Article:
The Best Food for Cats: Is There Only One Right Choice?

cat_eating

Guest post by Jodi Ziskin

Cats are like snowflakes – no two are exactly alike. And no two households are exactly alike, either. These are important factors I have to take into consideration when helping cat guardians discover the best diet for their cats – and for their lifestyle.

There is a dizzying amount of information out there. There is also a great deal of misinformation. Some of the tips and protocols shared by well-meaning advocates of one type of diet or another may not be based on facts, but rather on interpretation. Think about how many times you have read articles on the “one, perfect diet for humans.” Biological facts about our bodies are often twisted to meet the ideals of the author.

Cats are obligate carnivores

Of course, all cats are obligate carnivores. All require muscle and organ meat and fat. All require the right balance of minerals and vitamins. All deserve human grade, high quality food. However, not all cats thrive on the same diet.

Raw food diet

While I am a big proponent of raw food, as many cats truly thrive on it (homemade or frozen raw by several outstanding raw pet food companies), it is not the only way to provide an excellent, bio-appropriate diet. There are several studies that show that raw and cooked meat are both highly digestible for cats.

Some cats with poor health improve greatly on a raw food diet. For others, especially those with a compromised immune system, raw food may not be appropriate. It is important to consult with your holistic or integrative vet when considering raw for a cat with cancer, irritable bowel disease or other autoimmune diseases.

Homemade cooked diet

For many of my clients, homemade cooked food has been instrumental in helping get, or keep, their kitties healthy. As a bonus, most cats transition easily to homemade food and truly thrive on a real food diet.

Freeze-dried raw diet

Freeze-dried raw diets can be a godsend for cat guardians wishing to offer real food in a convenient way that fits into their lifestyle. I have seen many cats that have rejected fresh/frozen raw or homemade cooked food absolutely love freeze-dried. While it doesn’t offer the same dental health benefits as fresh/frozen raw food, it still provides outstanding nutrition.

Canned diet

Many cats do very well on a canned food diet. It is usually my goal to graduate my clients from canned to a real food diet (raw or cooked), however I’ve had clients whose cats truly thrive on canned (human grade, grain-free, no ingredients from China, BPA-free cans). After transitioning a client’s two male cats that had been suffering from urinary tract issues to canned food, their issues subsided. The cats had been on a dry food diet and absolutely rejected the canned prescription diet their vet originally recommended. Thankfully, the vet was on board with turning to a more holistic diet. We tried raw food, but both cats rejected it.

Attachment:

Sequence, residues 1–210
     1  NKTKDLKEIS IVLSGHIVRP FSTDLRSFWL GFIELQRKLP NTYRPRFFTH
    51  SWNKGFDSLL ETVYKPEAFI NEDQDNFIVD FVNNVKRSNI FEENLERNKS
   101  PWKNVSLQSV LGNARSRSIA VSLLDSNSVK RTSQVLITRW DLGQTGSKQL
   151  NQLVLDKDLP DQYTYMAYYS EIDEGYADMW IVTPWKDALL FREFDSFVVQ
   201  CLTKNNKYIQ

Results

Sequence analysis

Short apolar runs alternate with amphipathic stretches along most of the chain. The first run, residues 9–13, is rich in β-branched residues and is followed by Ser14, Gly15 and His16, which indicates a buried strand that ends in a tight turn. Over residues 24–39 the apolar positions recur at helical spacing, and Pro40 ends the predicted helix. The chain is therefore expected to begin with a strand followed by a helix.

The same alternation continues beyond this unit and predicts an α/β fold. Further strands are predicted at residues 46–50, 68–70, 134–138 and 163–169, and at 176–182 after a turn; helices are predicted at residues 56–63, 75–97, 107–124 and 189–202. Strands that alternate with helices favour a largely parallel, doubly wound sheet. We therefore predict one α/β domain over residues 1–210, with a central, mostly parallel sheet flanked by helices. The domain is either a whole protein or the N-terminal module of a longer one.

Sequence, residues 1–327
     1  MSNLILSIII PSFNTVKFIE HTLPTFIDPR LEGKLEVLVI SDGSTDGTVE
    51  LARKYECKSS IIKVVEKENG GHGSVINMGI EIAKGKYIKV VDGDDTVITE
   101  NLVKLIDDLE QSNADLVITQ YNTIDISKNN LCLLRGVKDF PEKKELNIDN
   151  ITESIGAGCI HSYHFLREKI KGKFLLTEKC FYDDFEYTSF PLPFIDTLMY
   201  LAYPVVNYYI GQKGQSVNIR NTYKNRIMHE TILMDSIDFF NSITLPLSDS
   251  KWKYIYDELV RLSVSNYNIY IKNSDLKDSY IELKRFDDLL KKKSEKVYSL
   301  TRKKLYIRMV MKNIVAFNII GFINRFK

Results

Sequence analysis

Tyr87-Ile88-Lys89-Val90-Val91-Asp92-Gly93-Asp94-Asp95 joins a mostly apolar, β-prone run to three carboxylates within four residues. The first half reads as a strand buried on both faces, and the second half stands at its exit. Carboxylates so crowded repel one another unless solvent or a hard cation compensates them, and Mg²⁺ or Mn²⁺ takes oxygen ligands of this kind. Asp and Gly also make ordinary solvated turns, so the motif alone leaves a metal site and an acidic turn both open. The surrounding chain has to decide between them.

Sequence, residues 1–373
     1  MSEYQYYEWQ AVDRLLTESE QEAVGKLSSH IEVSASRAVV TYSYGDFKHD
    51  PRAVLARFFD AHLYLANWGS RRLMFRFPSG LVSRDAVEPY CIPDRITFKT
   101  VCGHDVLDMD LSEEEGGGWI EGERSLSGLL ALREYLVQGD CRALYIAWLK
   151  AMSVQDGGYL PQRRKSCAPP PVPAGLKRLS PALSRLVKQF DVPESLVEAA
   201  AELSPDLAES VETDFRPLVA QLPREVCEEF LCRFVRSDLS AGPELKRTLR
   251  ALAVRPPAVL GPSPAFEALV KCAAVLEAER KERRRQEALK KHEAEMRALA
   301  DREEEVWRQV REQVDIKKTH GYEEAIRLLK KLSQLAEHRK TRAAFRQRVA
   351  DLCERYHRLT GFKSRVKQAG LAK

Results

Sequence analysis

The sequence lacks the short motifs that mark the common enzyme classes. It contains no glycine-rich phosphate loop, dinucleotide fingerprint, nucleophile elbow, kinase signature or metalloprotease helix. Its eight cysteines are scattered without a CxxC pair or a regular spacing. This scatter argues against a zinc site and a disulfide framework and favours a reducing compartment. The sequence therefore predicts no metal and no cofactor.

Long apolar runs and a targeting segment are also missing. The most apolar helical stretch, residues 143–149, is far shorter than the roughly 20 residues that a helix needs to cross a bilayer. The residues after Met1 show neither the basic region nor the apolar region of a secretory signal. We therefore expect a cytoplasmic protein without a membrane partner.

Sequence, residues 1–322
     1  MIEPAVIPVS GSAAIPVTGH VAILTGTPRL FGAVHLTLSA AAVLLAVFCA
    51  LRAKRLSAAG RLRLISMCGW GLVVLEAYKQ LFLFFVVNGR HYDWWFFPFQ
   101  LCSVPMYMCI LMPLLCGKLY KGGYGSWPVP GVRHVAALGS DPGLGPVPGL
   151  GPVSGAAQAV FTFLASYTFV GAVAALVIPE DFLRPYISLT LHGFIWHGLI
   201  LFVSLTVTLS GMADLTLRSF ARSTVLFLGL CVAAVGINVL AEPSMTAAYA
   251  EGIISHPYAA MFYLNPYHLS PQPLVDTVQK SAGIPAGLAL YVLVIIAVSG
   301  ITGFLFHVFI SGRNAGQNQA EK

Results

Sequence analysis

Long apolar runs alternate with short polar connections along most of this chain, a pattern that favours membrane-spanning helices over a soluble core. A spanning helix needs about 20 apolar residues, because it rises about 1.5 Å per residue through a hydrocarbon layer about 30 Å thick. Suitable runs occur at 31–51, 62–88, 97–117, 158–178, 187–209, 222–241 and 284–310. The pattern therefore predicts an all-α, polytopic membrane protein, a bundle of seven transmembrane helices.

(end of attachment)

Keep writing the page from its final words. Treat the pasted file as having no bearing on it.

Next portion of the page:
Rotation diet

There is a misconception that only one type of food must make up the entire diet. How would you feel if you ate the same thing, day after day? Consider a rotation diet for your cats. This can mean providing both raw and cooked foods or one of these as well as a canned option. There are many advantages of doing this. Rotating food provides a well-rounded diet. If a pet food company changes a recipe or eliminates a line of food your cat has been enjoying, you will not have to endure the drama often involved in introducing a new food. In times of emergencies such as severe weather events, fresh food may simply not be an option.

Just say no to dry food

Cats should never eat dry food. Nearly all dry foods are high in carbohydrates, something cats have a minimal need for. Even grain-free dry foods are loaded with starch (that’s what holds the kibble together) and contain too many plant-based ingredients (carbohydrates). “Cats’ bodies aren’t equipped to digest carbohydrates efficiently,” says holistic veterinarian Dr. Karen Becker, “they lack the salivary, intestinal and pancreatic enzyme activity necessary to break down and digest carbs.”

Dry food is also directly tied to chronic dehydration. By nature, cats get nearly all of their liquid needs from their food. Kibble contains approximately 12% moisture. Compare that to real food, canned food and natural prey, which contain around 75 – 80% moisture (including nutrient-rich blood and plasma). Dehydration is one of the primary enemies of a cat’s body. A dry food diet is often a major contributor to obesity, diabetes, irritable bowel syndrome/disease, constipation, kidney disease, liver disease, joint problems, including arthritis, skin issues, including dry or flaky skin, hot spots, and itchy skin and more.